The other day we picked up our laundry and after arriving home, discovered I had two pair of socks that were missing a mate. We returned to the laundry with the singles as props to explain our dilemma. You guessed it… "no disculpo!” Luckily, I happened to see one of my mates peeking out of someone else’s basket so was able to reclaim sock #1. Sock #2 (my favorite) is on it's way to Peru, property of a young backpacker from Germany who was staying at the hostel nearby. I’m blowing smoke on that last hypothesis but the cultural lesson gleaned from Mia on “disculpo” is a gem too good not to share. Stay tuned for tomorrow's cultural observation on time and age differences!

Hasta luago!

Tuesday, June 23, 2009

Ecuadorian Shower.....

Pictured above is a bidet. For those that don't know what a bidet is, please go here....

We spent part of the day with a new friend here in Cuenca . She is remodeling a truly wonderful apartment that she has recently purchased. The master bath (bigger than most bedrooms and very elegant) has a bidet. Being a mid-westerner, I haven't seen a bidet and was interested ...... so I enquired.

See the handles in the pic above? It seems the outside handles open up the hot and cold water. The middle handle diverts the water so that it shoots up and does the business a bidet does.

Well, apparently our hostess was as inexperienced as myself. However she was a good sport and offered to show us how it worked. So, she leaned over the bidet and turned on the left and right handle. Do you see where this is going?

Now in the picture above, it would seem that the water is adjusted about right. Maybe her bidet is some type of bidet on steroids or something. You gotta be able to see where this is going now.

Remember the part about her leaning over the bidet.....the bidet on steroids. Well, yes, she did turn the center handle.

We are calling it an Ecuadorian shower. Gave the ceiling a pretty good scrubbing, too.

Our hostess is a wonderful person with a great sense of humor. She laughed harder than we did.

The cleanup was left to the remodeling crew.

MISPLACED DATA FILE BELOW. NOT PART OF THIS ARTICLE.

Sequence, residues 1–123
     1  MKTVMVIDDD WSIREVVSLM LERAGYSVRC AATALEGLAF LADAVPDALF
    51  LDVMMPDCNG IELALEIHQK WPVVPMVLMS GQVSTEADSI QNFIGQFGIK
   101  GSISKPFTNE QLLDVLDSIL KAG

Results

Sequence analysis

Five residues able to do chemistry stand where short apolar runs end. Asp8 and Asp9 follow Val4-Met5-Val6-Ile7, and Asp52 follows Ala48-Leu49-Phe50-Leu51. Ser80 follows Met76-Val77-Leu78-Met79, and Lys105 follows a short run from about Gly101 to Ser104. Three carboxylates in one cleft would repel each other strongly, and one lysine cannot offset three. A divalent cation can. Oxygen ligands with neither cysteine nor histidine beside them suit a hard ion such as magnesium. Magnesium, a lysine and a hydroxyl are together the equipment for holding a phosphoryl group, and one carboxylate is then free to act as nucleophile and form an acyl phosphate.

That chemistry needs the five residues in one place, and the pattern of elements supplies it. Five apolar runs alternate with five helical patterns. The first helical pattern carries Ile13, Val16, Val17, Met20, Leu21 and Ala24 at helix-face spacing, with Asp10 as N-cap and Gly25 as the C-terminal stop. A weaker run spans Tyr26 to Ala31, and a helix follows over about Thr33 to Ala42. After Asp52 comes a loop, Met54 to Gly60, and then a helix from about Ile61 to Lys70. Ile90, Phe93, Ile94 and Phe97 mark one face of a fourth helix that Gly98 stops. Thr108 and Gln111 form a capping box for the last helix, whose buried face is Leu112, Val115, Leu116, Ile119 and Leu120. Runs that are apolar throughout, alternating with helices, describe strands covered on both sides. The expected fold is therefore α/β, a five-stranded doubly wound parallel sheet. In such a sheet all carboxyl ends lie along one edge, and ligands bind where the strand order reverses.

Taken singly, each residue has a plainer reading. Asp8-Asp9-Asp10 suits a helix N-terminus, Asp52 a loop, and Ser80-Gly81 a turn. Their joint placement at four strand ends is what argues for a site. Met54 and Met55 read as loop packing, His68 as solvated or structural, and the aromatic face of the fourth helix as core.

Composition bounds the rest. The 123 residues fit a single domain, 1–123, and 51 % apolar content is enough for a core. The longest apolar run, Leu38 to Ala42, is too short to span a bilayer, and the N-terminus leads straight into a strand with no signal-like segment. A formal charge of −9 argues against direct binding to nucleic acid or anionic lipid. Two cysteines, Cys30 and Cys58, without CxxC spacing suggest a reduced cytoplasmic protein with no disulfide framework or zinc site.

Yet another day in paradise.


Monday, June 22, 2009

Panama Hats.......

.....Are Not From Panama

Actually Panama Hats originated in and are made in Ecuador. More specifically, right here in Cuenca.

So....why aren't they called Ecuador Hats???

One explanation that I read is that many years ago when they started to be popular and famous, they were shipped from Panama to the rest of the world.

Before we came down here, I expected that many/most local men would wear them. After all, we are at 8000+ ft. elevation and it is so easy to be sunburned here. (skin cancer you know) But NO, in actuality, very few men wear any kind of hat at all. Even baseball caps are pretty scarce. Most of the people that do wear hats are norteamericanos. If you wear a wide brimmed hat, it pretty much labels you as an outsider.

However being a fair haired boy and prone to skin cancer, I have to wear a wide brimmed hat all the time......well, not actually indoors. So yesterday, I traded in my wide brimmed canvas hat for a Panama. I don't blend in any better in my Panama....I just look a little prettier.

FYI, genuine Panamas are very expensive. I bought mine is a really seedy looking store in a not so pretty part of town. As it turned out, the old guy I bought it from actually made it. He has been making them since he was 6 years old and is well known. He took me out of his store and down a narrow hallway. Then we went up some pretty rickety old stairs to his other little showroomie workshopie type place where the rest of the hats were. All in all, it was very cool. Newspaper articles about him on the wall and everything.

Saturday, June 20, 2009

Best Job in Town

Hands down......the coolest job in town is being a cop.

They have the best motorcycles, cool uniforms and get to carry guns. Some even have pistol grip, pump shotguns with 18 inch barrels .......very cool and makes me kind of homesick for mine. No pictures right now. Sorry.

The policia nacional have the coolest motorcycles.

This is NOT a posting from the 'softer side.'